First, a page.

As its name suggests, small reptiles, such as lizards and snakes, form a significant component of the lizard buzzard’s diet (4) (5). However, large insects are an equally important food source and on occasion it will catch other small animals such as rodents, birds and frogs (2) (4). Typically, the lizard buzzard patiently scans the ground from a high perch, sporadically swooping down to snatch prey, which is carried back to the perch or consumed on the spot. When moving from one perch to another, it flies close to the ground in an undulating thrush-like fashion, before ascending sharply to a new vantage point (4) (5).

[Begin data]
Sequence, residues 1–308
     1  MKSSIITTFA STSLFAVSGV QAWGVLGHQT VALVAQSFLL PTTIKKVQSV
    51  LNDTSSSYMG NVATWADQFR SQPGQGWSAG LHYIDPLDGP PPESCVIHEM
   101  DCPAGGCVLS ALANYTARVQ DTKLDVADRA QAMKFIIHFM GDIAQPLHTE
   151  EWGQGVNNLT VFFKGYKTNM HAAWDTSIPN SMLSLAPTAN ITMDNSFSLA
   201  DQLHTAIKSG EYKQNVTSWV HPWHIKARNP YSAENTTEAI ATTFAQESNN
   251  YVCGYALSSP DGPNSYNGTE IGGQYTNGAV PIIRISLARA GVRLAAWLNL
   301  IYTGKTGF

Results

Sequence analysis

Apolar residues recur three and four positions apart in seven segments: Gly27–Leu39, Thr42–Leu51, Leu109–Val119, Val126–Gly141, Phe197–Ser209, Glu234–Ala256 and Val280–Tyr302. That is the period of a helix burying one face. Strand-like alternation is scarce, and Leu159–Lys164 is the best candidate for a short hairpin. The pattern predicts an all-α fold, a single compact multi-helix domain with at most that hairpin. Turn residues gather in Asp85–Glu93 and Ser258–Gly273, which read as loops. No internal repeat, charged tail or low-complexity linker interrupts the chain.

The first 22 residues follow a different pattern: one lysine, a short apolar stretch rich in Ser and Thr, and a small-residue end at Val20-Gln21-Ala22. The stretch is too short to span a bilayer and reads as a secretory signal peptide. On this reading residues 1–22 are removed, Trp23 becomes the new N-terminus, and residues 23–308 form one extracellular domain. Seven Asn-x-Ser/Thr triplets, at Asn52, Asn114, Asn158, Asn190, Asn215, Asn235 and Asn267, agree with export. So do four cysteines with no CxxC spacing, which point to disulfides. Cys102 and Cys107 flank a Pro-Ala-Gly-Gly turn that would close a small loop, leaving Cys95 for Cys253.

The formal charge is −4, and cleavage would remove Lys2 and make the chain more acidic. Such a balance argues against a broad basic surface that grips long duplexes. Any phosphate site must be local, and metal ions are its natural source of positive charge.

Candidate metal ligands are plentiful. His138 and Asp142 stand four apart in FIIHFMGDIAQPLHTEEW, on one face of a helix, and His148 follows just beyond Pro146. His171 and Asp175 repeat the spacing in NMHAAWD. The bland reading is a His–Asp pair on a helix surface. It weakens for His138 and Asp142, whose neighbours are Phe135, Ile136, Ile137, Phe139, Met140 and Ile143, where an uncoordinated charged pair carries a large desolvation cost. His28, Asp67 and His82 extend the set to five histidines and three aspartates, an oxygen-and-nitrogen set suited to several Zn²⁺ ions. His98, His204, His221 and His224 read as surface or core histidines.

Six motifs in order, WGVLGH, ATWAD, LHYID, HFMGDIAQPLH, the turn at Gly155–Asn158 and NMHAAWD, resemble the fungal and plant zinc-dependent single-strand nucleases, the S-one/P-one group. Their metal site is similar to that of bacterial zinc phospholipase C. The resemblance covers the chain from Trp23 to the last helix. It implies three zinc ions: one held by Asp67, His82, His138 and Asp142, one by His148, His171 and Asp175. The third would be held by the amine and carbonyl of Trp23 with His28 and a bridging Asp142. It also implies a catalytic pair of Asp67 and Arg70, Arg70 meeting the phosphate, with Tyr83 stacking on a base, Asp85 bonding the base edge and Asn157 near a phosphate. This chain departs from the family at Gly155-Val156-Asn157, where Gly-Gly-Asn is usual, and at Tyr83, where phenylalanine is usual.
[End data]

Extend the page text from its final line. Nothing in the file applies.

At the start of the breeding season, which generally coincides with the dry season, pairs persistently call to each other from tree perches, but are not known to perform an aerial courtship display. The nest is built out of sticks, in the main fork or side branch of a wide variety of trees, and between one to three eggs are incubated by the female over a period of around 33 days (4) (5). During this time, the male does most of the hunting and, although normally placid, is extremely aggressive towards other birds in the vicinity of the nest (5). The young fledge after around 40 days but remain dependant on the parents for a similar period of time afterwards (4).